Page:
Vermont Attorney General T.J. Donovan Won't Seek Reelection | Politics | Seven Days | Vermont's Independent Voice

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Vermont Attorney General T.J. Donovan Won't Seek Reelection


Published May 5, 2022 at 2:39 p.m.

Vermont Attorney General T.J. Donovan - FILE: JEB WALLACE-BRODEAUR
  • Vermont Attorney General T.J. Donovan
Updated at 5:45 p.m.

Vermont Attorney General T.J. Donovan said Thursday that he will not seek reelection and plans to put politics behind him.

Donovan has long been floated as a potential candidate for higher office, and he considered a run for governor in 2019.

A brief written statement announcing his decision on Thursday seemed meant to quash musings about his political future — at least for now. “It is time to take a break from the political world and pursue other opportunities,” Donovan said.

Donovan descends from Democratic royalty in Vermont. His grandfather, Bernard, was appointed a federal judge by president Lyndon Johnson; Burlington’s Leddy Park now bears his name. Donovan’s mother, Johannah "Joey" Leddy Donovan, was a longtime state representative, and his uncle was a state senator.

Donovan began his political career as the Chittenden County state’s attorney, a position he held for a decade. He unsuccessfully challenged then-attorney general Bill Sorrell, a fellow Democrat, in 2012 before easily winning election to replace the retiring incumbent four years later.

Donovan was viewed as a forgiving prosecutor during his time in the state’s attorney’s office. His inclination to give breaks to people who broke the law sometimes irritated local police, and one of his signature initiatives — a program to divert people with substance-use issues out of the court system — was adopted statewide. In 2015, people lined up for blocks in downtown Burlington to participate in a ticket amnesty program he conceived to help low-income Vermonters who had trouble paying fines, which put their licenses in jeopardy.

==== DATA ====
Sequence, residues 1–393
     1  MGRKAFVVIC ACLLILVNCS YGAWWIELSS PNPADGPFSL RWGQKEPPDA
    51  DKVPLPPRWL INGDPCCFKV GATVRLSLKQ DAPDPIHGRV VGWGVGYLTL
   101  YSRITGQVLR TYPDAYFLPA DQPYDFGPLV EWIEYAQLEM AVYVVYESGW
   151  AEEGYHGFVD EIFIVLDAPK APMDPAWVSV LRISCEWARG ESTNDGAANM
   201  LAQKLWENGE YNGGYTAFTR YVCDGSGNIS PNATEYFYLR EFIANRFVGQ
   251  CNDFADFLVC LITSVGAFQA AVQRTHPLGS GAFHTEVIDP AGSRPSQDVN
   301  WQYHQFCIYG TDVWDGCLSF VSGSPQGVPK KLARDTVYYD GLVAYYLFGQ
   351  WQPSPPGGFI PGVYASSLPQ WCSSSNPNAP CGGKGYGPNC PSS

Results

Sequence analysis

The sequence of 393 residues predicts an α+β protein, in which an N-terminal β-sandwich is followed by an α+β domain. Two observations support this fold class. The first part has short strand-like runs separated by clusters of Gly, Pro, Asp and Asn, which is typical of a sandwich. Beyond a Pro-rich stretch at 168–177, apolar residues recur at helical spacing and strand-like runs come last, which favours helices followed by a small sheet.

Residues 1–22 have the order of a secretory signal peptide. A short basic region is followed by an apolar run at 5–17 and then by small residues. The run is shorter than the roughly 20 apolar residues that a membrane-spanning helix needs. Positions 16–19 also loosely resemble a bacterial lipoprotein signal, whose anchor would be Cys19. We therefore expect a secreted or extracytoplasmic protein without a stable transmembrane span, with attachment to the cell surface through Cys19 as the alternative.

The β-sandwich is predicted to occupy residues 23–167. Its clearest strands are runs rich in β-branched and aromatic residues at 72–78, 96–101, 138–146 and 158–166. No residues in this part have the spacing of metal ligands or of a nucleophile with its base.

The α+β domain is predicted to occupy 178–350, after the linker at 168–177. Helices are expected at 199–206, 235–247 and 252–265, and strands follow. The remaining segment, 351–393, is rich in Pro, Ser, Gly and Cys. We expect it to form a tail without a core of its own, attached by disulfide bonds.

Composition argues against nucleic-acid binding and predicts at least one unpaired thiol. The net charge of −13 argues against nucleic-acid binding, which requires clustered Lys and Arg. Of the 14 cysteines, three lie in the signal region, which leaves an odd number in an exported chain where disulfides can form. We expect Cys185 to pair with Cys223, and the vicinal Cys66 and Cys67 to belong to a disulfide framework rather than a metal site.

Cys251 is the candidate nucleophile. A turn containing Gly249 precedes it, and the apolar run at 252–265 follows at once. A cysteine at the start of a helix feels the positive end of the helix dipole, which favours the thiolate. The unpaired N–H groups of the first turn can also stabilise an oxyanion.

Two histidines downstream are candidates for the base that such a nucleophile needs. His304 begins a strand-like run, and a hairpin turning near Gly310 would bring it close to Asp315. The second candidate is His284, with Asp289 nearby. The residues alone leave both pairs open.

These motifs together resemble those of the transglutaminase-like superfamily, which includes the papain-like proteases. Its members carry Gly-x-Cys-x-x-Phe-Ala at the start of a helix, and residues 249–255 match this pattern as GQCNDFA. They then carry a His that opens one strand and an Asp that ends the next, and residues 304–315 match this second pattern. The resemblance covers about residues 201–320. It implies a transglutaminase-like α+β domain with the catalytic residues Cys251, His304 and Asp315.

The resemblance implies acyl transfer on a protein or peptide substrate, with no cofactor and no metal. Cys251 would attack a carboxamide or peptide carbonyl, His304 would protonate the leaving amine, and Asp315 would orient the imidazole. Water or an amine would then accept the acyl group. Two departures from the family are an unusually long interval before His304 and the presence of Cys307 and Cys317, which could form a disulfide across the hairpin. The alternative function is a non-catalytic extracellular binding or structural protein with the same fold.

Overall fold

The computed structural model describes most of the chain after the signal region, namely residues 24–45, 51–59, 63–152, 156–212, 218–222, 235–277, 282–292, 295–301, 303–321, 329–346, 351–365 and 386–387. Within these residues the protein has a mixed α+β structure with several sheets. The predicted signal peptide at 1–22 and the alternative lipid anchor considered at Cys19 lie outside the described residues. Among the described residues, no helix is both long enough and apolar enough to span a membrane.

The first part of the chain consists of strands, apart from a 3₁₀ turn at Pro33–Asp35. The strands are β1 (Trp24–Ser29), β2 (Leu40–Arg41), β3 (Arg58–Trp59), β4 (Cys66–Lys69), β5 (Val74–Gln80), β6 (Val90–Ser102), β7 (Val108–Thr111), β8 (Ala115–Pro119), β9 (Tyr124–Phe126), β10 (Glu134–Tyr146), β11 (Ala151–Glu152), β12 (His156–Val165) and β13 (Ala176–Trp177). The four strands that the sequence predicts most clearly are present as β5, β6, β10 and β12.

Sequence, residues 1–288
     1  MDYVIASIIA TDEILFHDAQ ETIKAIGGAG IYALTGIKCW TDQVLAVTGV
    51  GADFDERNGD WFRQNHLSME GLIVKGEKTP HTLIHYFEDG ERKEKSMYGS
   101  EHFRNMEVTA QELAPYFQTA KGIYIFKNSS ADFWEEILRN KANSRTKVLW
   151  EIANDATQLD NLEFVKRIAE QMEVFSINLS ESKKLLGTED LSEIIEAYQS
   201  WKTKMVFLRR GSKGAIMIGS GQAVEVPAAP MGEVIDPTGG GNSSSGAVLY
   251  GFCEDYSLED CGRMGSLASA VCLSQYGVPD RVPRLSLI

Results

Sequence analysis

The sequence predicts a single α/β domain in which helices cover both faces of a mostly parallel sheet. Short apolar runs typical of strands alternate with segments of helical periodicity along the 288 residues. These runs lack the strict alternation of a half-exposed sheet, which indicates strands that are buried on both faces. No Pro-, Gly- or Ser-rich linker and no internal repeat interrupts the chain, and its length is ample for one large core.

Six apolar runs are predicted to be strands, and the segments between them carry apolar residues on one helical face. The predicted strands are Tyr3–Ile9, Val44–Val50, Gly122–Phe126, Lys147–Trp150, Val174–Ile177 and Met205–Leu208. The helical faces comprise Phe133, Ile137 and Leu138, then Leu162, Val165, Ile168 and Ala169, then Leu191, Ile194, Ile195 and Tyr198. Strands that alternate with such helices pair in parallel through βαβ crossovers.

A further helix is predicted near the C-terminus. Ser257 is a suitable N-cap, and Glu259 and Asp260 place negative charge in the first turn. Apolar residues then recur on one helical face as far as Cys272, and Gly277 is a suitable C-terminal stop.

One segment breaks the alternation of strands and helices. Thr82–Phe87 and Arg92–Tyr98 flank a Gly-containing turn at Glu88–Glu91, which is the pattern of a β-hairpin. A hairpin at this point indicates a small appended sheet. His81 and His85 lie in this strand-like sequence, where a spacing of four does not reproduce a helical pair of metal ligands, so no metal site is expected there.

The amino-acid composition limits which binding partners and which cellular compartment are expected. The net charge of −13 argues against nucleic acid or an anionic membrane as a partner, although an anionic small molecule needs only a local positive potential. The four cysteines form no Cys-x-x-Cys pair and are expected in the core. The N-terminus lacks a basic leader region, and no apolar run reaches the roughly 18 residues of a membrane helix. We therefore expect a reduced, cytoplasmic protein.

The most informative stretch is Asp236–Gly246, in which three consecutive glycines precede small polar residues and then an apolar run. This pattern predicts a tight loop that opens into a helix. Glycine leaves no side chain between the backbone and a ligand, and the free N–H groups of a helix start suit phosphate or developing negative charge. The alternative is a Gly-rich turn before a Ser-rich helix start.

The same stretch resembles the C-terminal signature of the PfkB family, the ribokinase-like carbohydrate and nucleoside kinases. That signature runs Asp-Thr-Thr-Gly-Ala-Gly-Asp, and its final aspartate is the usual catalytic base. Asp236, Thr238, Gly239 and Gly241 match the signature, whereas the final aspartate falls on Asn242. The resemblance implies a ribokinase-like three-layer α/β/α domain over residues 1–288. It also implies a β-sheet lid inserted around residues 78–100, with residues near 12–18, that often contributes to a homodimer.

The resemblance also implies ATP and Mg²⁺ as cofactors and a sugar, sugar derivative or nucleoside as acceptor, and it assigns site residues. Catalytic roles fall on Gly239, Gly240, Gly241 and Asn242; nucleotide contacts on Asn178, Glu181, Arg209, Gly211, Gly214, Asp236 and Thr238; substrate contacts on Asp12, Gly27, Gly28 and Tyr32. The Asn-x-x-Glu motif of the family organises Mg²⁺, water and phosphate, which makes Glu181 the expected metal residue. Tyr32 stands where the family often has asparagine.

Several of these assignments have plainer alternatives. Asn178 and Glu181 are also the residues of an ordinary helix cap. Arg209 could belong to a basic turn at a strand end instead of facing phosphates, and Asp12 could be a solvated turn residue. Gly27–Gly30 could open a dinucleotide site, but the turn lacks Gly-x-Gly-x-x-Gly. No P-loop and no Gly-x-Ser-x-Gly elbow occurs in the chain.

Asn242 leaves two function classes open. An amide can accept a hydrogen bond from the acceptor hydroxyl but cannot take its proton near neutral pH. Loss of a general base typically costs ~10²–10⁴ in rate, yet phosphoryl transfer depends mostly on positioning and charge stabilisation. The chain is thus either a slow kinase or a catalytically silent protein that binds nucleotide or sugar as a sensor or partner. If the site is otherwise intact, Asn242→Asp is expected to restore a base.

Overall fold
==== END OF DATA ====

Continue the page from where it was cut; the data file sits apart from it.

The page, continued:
But his progressive chops have been questioned at times during his tenure as AG. Most notably,  he disagreed with his successor, Chittenden County State’s Attorney Sarah George, over her decision to dismiss three murder and attempted murder cases against people who claimed insanity as a legal defense. Donovan refiled charges in all three cases.

Donovan has often said his views on criminal justice were shaped in part by his experience with the court system as a young man. At 18, he was arrested after a drunken fight and was charged with aggravated assault. He eventually accepted a plea deal that reduced the charge to a misdemeanor, and the crime was later expunged from his record.

He alluded to that chapter of his past in his statement on Thursday, saying that he has approached his job as AG with a belief that “Vermonters are good, decent people who should not be defined by their mistakes, but should be given the opportunity to comply with the law.”

"This belief stems from my own experiences growing up in Vermont, which taught me a valuable lesson: trust Vermonters and believe in their goodness,” he said.

Anyone seeking to replace Donovan must make their move soon; the deadline for major party candidates to file to run is just weeks away,  Those keeping score can cross off  Chittenden County prosecutor George. She said in a phone interview that she has no interest in the post now held by her former boss.

But Donovan’s chief of staff, Charity Clark, does. She said she is “very seriously” considering a run.“I will make the decision in the coming days,” she said, adding a few seconds later: “It has been a major motivation for me that no woman has ever served as AG.”

Washington County State's Attorney Rory Thibault, a former assistant AG, said he, too, is mulling a run. “Before committing to a decision, I want to speak more with my family, friends and other colleagues about the best direction,” he said.

Donovan’s decision only adds intrigue to what was already shaping up to be one of Vermont’s most exciting election cycles in recent memory, with six statewide offices now lacking an incumbent.

The dominos began to fall with Sen. Patrick Leahy’s (D-Vt.) announcement in November that he will retire after nearly 50 years. Rep. Peter Welch (D-Vt.) quickly announced plans to run for Leahy’s seat, setting off a mad scramble for Vermont’s lone seat in the U.S. House.

Since then, Lieutenant Governor Molly Gray, Secretary of State Jim Condos and State Treasurer Beth Pearce have all said they won't be seeking reelection either. Gray is running for Welch's seat, while Condos and Pearce are retiring.